Now, signing up for the WellWell-Being community is fast and easy, and it not only gives you access to this discount from Grateful Earth Coffee, but it also gives you access to hundreds of other discounts. It's free and it's easy to sign up. Just visit us at wellwellusa.com. Go down to the dropdown menu on Milton's discounts up at the top and you'll see a signup tab right there.

You can do it in seconds. You'll get a 20% off Grateful Earth Coffee purchases, along with hundreds of other discounts and opportunities. Okay. What about some healthful hacks in dealing with caffeine? The good and the bad this doesn't deal with people, but it does deal with. Pooches that we love.

If you love your pooch, don't give phyto any caffeine products. It'll lead to all sorts of intestinal problems that you won't want to deal with and your poor dog will want to deal with either. That's one of the reasons why you often see warnings never to give your dog chocolate products. So please avoid any caffeine for your dog.

Obviously, you're not gonna give them a cup of coffee, they're not gonna drink it, but don't flip 'em some chocolate or a big plate of leftover tiramisu or whatever. Okay, let's say you'd like coffee, you want to drink coffee, but you'd like to find some alternatives for energy boost, or you don't want to go and grab the energy boosting.

Of beverages or shots. Okay. Here are three natural, all natural energy boosters, coconut water. You can get this virtually anywhere now. It gives you a boost in energy thanks to its minerals that it's loaded with minerals, including potassium, wheat, grass juice. This is also loaded with minerals, vitamins at anti-inflammatory properties, and it's a great way to get a natural energy boost.

Beet juice. Full disclosure, I hate beets and I hate bee juice, though I fully recognize the health benefits of beets and bee juice. Now this bee juice is great because the body turns beets and beet juice into nitric oxide, which builds blood flow, energy and endurance. So it's a great way boost energy naturally.

And, you know, as a substitute for coffee late in the afternoon, it's easy to get wheat grass juice and bee juice from any of the growing number of healthy juice stores that are all over the country. Coconut water can be purchased almost everywhere.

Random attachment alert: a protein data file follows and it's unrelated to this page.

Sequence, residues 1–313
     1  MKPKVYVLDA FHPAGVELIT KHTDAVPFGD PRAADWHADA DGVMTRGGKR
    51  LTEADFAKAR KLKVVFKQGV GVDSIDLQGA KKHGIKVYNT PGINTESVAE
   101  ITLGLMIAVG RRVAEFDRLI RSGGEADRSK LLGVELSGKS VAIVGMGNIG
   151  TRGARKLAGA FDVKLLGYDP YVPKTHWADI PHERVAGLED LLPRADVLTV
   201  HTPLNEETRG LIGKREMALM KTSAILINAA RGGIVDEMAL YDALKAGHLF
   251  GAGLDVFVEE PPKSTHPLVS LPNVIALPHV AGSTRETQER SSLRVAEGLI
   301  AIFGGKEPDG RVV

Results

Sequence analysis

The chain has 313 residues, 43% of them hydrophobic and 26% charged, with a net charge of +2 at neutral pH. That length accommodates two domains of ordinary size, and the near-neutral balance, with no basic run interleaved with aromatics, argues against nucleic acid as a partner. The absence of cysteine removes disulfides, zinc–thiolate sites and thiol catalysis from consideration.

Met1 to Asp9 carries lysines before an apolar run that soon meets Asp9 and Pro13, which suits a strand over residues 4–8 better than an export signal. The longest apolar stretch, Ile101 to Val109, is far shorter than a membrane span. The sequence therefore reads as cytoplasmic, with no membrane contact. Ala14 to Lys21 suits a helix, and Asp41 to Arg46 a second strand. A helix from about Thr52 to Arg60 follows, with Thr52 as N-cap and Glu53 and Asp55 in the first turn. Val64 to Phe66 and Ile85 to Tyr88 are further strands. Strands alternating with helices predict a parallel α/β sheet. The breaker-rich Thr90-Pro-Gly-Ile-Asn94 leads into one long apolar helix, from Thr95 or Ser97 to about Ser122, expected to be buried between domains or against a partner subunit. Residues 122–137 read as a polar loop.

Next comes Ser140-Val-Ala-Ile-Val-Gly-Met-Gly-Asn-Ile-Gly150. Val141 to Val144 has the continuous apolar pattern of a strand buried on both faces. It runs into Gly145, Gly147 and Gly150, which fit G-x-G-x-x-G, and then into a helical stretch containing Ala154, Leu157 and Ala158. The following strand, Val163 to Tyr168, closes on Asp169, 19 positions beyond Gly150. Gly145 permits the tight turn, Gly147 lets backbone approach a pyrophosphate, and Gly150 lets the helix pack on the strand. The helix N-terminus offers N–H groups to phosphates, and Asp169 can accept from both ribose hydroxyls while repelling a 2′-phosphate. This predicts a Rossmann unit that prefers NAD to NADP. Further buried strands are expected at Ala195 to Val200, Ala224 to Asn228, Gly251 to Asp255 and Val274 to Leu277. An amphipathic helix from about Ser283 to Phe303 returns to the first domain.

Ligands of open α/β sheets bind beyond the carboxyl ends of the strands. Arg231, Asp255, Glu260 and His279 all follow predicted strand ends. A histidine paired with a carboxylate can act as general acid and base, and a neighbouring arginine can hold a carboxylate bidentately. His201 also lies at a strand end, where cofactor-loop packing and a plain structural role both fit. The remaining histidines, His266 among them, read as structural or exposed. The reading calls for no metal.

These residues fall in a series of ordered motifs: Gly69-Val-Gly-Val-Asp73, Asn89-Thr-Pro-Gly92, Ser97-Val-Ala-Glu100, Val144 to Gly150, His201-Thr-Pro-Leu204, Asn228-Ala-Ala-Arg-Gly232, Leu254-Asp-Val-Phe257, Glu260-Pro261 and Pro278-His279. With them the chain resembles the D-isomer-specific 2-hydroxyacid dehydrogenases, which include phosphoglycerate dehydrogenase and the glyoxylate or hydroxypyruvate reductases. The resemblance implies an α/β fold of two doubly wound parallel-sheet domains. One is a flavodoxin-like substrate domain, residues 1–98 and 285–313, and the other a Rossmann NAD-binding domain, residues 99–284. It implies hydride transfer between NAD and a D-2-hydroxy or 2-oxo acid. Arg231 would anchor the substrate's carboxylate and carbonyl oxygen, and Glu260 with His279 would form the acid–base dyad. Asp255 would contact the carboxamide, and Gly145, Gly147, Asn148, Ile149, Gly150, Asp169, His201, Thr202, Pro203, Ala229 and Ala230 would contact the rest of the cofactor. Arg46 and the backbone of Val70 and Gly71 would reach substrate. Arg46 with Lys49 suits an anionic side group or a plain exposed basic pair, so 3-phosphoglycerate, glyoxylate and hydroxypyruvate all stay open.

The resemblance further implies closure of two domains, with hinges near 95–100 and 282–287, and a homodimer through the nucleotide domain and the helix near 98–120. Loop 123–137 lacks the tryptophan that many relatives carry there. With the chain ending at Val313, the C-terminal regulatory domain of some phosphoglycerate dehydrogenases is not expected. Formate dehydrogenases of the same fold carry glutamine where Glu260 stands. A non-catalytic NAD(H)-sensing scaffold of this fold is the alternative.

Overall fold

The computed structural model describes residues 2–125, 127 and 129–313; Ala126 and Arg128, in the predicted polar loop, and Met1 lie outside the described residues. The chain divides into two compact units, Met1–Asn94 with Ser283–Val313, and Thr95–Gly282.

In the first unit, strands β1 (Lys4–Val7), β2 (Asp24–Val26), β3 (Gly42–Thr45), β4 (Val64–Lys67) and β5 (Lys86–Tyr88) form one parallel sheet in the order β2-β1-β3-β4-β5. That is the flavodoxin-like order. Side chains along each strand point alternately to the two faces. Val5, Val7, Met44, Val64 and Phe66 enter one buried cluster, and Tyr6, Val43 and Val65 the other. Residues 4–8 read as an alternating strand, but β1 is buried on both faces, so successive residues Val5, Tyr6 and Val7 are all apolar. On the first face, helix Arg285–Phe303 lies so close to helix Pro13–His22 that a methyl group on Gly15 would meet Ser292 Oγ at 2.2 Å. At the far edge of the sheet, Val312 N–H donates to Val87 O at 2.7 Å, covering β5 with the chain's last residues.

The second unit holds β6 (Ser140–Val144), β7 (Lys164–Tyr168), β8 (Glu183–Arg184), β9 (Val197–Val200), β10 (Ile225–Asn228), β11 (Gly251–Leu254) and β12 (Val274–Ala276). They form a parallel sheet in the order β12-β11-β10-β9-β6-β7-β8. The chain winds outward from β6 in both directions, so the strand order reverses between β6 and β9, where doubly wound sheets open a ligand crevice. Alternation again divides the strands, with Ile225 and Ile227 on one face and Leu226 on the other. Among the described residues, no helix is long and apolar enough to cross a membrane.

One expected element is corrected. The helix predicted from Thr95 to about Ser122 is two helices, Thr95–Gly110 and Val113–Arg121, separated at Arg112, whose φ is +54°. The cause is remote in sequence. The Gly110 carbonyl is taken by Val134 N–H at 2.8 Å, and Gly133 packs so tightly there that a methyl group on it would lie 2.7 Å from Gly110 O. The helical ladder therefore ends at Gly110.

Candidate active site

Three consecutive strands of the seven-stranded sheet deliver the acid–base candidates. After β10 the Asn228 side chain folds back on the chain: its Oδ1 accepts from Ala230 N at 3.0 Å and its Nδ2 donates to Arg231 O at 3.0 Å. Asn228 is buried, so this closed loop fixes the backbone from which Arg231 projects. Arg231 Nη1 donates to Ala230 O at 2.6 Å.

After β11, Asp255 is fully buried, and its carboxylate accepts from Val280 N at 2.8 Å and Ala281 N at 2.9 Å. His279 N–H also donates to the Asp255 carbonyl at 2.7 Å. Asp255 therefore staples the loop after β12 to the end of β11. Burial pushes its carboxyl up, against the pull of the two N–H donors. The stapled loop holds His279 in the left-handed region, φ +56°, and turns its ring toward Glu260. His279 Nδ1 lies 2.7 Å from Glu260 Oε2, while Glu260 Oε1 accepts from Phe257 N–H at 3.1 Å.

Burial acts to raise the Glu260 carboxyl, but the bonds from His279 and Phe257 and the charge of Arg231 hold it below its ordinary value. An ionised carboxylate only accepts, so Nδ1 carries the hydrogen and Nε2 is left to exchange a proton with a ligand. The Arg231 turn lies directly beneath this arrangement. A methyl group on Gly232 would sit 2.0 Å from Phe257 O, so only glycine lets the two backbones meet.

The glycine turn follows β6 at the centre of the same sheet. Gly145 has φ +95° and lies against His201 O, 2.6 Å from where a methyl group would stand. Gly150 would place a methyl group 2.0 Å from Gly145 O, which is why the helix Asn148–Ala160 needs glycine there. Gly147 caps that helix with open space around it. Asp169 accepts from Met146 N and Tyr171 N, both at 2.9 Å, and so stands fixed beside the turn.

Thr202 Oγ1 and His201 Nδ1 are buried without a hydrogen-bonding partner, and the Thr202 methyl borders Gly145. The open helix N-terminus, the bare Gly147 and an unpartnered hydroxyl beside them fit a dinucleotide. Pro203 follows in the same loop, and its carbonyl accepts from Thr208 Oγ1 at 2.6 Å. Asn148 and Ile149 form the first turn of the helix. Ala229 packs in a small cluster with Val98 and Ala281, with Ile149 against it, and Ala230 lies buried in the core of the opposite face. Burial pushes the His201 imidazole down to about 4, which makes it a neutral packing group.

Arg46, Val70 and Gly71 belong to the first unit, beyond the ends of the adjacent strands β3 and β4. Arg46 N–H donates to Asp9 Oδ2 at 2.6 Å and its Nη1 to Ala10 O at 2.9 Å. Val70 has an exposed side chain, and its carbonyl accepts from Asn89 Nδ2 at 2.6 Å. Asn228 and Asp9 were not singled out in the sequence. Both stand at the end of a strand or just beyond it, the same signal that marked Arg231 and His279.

Don't sweat. Kambucha, you're gonna see a lot of stories now, or there have been a lot of stories of late on whether kambucha is loaded with alcohol and caffeine. Our research indicates there's very little alcohol in Kambucha. There a little bit comes up from the fermentation process rather, but very, very little In terms of caffeine, yes, there is some caffeine in kambucha, but the average serving holds only eight to 12 milligrams. So it doesn't have a big overall impact on your daily caffeine intake. So that, Oh yes. Remember those chocolate covered espresso beans?

I've had 'em. I love them. Once you start munching, you can't stop, but you may want to severely limit munching down on those guys. They're gonna give you a double caffeine whammy. You're gonna get caffeine off the bean, and you're gonna get caffeine off the chocolate, and you can eat a lot of these guys without realizing it.

And all of a sudden you're on a heavy caffeine buzz. So if you see them, sure, grab a couple. Push 'em away after a little while, you're not gonna do yourself any good. Okay, so did we come up with an absolute answer as to whether caffeine is good or bad for you? Absolutely not. Chances are, for the vast majority of people, caffeine via coffee, tea, chocolate, you're probably gonna be fine.

And perhaps, It's gonna be beneficial certainly in moderation, but too much is probably going to be a problem just about for everybody. And since caffeine is found in so many common foods and drinks. It's easy to exceed the recommended daily limits, and it's easy to do this on a regular basis. It's not a problem if you probably do it one or two days a week or once every now and again.

But if you're knocking back four or five cups of coffee, chocolate, soda, and energy, drink green tea. Half a plate of tiramisu every day, you're going over that 400 milligram daily recommended limit, and you're going over it extensively, and you may be putting yourself at health risk. So how do you keep this at Bay?

Education and Action. Recognize where caffeine is found in common sources and, recognize how to build a healthy intake of caffeine a day without exceeding it. Education and action is always the key to leading a better and healthier life, whether that deals with caffeine or fitness or nutrition or anything else.

So we hope this helped. We hoped you got some insights on the buzz on caffeine and you enjoyed it. We look forward to you listening in again later. Thanks.